Despite this warning, the imminent expectation of the coming Kingdom of God awakened concrete, substantial ideas that led ever closer to social utopias. With the 18th-century German Lutheran mystic and Pietist F.C. Oetinger, the end-time expectation generated definite social and political demands—e.g., dissolution of the state, abolition of property, and elimination of class differences. Some of the aspects of the end-time expectation of Pietism were revived in the French Revolution’s political and social programs. The transition from the end-time expectation to the social utopia, however, had already been achieved in writings from the 16th and early 17th centuries—e.g., the English humanist and saint Thomas More’s …de optimo reipublicae statu deque nova Insula Utopia (1516; “On the Highest State of a Republic and on the New Island Utopia”), the German theologian Johann Valentin Andrea’s Reipublicae Christianopolitanae Descriptio (1619; “A Description of the Christian Republic”), the English philosopher Francis Bacon’s New Atlantis (1627), and the English bishop Francis Godwin’s Man in the Moone (1638). It is also found in early socialism of the 19th century—e.g., the French social reformer Henri de Saint-Simon’s Nouveau Christianisme (1825; “The New Christianity”) and the French Socialist Étienne Cabet’s Voyage en Icarie (1840; “Voyage to Icaria”).

What distinguishes the Christian social utopia from the earlier kind of eschatology is the stronger emphasis upon social responsibility for the preparation of the Kingdom of God and a considerable preponderance of various techniques in the establishment of the utopian society. (In general, the end-time expectation has also inspired technical fantasy and science fiction.) Also characteristic is the basic attitude that people themselves must prepare the future perfect society in a formative and organizing manner and that “hoping” and “awaiting” are replaced by human initiative. A graduated transition from a social utopia still consciously Christian to a purely Socialist one can be observed in the writings and activities of the French Socialists Charles Fourier, Saint-Simon, and Pierre-Joseph Proudhon, the English Socialist Robert Owen, and the German Socialist Wilhelm Weitling. Secularized remnants of a glowing Christian end-time expectation are still found even in the Marxist view of the social utopia.

Modern planning and projection of alternative futures is a secularization of the end-time expectations previously envisioned in Christian terms. The future is thus manipulated through planning (i.e., “horizontal eschatology”) in place of eschatological “hoping” and “waiting for” fulfillment. “Horizontal eschatology” is thus taken out of the sphere of the unexpected and numinous (spiritual); it is made the subject not only of a detailed prognosis based upon statistics but also of a detailed programming undertaken on the basis of this prognosis. An eschatological remainder is found only in an ideological image of man, upon which programming and planning are based.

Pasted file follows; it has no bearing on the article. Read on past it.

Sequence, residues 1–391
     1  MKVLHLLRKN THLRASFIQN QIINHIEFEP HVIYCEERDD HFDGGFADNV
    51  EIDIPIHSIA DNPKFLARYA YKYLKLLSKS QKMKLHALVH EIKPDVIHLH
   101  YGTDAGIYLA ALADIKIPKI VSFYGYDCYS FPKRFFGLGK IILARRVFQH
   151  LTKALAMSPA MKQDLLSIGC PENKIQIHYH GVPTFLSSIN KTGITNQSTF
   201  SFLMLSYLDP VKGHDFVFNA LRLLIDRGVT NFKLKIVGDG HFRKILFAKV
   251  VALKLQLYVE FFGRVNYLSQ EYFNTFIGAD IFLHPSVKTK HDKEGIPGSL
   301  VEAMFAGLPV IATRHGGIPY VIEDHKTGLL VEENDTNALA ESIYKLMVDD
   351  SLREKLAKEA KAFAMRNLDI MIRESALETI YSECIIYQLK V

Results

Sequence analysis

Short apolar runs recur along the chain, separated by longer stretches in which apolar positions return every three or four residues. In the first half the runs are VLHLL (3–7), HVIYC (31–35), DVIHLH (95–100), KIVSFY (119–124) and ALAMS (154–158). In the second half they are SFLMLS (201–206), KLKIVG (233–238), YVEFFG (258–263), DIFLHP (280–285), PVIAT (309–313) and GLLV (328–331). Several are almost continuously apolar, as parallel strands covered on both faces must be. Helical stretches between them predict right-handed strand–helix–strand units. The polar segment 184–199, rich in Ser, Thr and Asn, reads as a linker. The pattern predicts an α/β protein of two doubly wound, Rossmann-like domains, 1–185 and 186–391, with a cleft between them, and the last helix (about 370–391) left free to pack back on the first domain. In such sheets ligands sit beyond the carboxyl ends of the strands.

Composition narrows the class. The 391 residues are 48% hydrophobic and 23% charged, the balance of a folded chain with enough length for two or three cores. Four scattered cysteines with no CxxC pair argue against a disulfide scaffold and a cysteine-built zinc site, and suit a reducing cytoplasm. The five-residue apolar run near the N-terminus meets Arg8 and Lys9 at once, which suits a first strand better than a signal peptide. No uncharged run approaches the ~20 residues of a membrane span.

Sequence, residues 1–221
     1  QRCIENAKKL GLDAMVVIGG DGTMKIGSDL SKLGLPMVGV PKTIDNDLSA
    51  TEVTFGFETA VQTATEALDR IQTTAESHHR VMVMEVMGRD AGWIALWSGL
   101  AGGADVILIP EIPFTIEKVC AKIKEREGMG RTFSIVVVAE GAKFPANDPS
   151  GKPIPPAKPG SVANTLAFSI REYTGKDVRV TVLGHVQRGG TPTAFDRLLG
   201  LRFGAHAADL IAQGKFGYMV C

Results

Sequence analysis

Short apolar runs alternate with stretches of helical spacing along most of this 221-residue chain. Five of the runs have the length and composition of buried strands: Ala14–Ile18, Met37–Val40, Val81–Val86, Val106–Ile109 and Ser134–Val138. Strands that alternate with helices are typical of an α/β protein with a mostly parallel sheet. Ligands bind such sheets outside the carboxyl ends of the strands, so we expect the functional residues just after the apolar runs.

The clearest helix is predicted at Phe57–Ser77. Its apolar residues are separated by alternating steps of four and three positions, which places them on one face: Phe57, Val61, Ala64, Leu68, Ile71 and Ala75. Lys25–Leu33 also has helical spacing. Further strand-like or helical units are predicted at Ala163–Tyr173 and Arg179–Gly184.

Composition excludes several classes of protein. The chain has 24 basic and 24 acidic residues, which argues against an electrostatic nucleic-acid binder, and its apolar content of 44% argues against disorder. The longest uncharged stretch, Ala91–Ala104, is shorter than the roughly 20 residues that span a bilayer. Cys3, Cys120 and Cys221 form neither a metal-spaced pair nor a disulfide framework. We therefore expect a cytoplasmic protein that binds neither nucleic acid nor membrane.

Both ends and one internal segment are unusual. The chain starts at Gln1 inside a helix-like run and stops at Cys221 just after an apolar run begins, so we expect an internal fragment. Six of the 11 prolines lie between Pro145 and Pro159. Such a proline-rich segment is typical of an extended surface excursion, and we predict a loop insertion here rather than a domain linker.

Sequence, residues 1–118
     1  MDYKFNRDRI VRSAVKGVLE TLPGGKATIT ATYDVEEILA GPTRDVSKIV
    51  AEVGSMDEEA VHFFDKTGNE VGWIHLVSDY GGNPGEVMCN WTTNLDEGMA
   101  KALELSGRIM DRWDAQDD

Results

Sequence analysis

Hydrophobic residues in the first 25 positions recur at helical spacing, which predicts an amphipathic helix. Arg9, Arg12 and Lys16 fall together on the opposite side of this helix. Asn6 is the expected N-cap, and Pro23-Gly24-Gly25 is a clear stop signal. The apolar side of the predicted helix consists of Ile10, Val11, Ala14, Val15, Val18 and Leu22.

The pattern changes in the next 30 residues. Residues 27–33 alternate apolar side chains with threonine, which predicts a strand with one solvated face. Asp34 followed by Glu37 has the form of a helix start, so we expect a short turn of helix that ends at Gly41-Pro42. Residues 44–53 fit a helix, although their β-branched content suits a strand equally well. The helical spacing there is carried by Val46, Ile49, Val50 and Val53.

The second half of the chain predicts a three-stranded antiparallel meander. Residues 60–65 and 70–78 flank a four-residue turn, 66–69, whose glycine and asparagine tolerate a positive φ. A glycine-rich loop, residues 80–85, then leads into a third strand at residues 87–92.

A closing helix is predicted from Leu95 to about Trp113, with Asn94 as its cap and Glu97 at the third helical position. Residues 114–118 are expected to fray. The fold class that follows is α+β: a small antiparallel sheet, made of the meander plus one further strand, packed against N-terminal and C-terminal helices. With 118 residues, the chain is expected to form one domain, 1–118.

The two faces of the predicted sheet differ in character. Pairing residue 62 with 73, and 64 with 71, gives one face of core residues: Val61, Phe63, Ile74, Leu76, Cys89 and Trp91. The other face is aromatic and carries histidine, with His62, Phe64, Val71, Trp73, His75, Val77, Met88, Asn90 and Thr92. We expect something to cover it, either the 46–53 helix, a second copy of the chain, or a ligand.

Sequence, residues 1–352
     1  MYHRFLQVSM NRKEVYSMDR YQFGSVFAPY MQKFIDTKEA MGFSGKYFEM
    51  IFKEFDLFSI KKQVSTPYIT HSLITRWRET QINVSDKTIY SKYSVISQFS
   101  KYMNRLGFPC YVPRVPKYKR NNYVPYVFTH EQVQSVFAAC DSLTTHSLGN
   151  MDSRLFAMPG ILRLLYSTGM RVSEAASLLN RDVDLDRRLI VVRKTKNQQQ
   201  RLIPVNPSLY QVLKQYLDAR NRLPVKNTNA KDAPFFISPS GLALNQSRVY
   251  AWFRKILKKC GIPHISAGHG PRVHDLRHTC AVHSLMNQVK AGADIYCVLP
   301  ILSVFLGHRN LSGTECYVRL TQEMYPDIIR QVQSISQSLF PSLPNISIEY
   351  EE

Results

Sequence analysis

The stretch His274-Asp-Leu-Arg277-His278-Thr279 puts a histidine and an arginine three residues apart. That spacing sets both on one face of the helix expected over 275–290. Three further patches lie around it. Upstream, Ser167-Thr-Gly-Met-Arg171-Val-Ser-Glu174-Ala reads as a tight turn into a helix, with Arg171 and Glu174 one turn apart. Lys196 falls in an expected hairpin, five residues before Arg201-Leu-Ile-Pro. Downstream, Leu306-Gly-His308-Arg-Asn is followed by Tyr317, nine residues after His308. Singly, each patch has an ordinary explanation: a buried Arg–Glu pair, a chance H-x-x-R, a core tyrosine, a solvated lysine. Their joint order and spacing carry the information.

The church and its history » Eschatology » Concepts of life after death
The Christian end-time expectation is directed not only at the future of the church but also at the future of the individual believer. It includes definite conceptions of the personal continuance of life after death. Many baptized early Christians were convinced they would not die at all but would still experience the advent of Christ in their lifetimes and would go directly into the Kingdom of God without death. Others were convinced they would go through the air to meet Christ returning upon the clouds of the sky: “Then we who are alive, who are left, shall be caught up together with them in the clouds to meet the Lord in the air; and so we shall always be with the Lord” (1 Thessalonians 4:17). In the early imminent expectation, the period between death and the coming of the Kingdom still constituted no object of concern. An expectation that one enters into bliss or perdition immediately after death is also found in the words of Jesus on the cross: “Today you will be with me in Paradise” (Luke 23:43).

In the Nicene Creed the life of the Christian is characterized as “eternal life.” In the Gospels and in the apostolic letters, “eternal” is first of all a temporal designation: in contrast to life of this world, eternal life has a deathless duration. In its essence, however, it is life according to God’s kind of eternity—i.e., perfect, sharing in his glory and bliss (Romans 2:7, 10). “Eternal life” in the Christian sense is thus not identical with “immortality of the soul”; rather, it is only to be understood in connection with the expectation of the resurrection. “Continuance” is neutral vis-à-vis the opposition of salvation and disaster, but the raising from the dead leads to judgment, and its decision can also mean eternal punishment (Matthew 25:46). The antithesis to eternal life is not earthly life but eternal death.